Transportation oligopolies and an under-invested road and rail network mean freight costs can be high, while communications are similarly lacking due to under-investment.

Since 2008, the Nigerian government has purportedly taken steps to address some of these issues. According to the CIA World Fact Book, Nigeria's government has taken moved to pursue economic improvement and implement market-oriented reforms urged by the International Monetary Fund, such as modernising the banking system and removing market-distorting subsidies.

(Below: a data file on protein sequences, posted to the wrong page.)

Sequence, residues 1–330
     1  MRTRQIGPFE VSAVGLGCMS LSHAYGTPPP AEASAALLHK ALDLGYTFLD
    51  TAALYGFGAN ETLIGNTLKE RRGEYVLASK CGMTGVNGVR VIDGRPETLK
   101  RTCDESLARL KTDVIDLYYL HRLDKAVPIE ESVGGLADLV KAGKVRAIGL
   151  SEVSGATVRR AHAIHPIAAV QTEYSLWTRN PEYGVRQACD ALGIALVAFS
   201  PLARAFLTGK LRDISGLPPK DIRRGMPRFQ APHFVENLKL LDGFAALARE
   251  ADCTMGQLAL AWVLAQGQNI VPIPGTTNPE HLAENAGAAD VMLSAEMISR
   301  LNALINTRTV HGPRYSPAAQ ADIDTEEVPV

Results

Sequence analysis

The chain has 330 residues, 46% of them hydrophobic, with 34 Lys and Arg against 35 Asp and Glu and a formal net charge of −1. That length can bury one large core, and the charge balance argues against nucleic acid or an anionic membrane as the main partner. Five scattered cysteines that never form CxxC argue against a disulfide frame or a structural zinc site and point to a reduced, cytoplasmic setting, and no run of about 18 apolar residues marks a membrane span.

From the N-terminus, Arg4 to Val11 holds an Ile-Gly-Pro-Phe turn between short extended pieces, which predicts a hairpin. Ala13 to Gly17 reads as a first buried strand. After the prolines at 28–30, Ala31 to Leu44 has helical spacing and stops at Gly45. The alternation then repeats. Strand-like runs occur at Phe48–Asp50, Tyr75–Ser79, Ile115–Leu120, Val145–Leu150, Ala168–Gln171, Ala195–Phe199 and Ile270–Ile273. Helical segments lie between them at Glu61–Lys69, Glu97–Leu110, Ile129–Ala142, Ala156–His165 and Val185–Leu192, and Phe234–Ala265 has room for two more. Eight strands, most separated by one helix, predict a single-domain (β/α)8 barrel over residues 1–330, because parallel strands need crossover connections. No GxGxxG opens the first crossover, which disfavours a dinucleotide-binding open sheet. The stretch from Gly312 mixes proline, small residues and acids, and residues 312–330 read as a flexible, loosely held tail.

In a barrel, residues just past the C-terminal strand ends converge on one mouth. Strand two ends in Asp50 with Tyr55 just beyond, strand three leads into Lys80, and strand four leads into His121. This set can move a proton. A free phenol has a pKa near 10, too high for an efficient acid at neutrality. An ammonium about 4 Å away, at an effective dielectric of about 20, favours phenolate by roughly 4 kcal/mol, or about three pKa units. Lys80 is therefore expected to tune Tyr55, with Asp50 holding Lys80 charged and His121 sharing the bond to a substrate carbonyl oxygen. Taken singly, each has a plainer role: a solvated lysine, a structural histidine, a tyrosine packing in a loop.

"The government is working toward developing stronger public-private partnerships for roads, agriculture, and power," the Fact Book reveals.

Olam has indicated it plans to pursue further growth in the market by investing in its brands and production capacity. The group has also indicated it is keen to "actively build" its M&A pipeline.

However, Olam could soon be up against a greater level of international competition as it looks to grow its packaged foods business. In spite of some significant logistical and operational challenges, Nigeria's investment fundamentals remain attractive and we could well see multinational interest in the market increase in the next few years.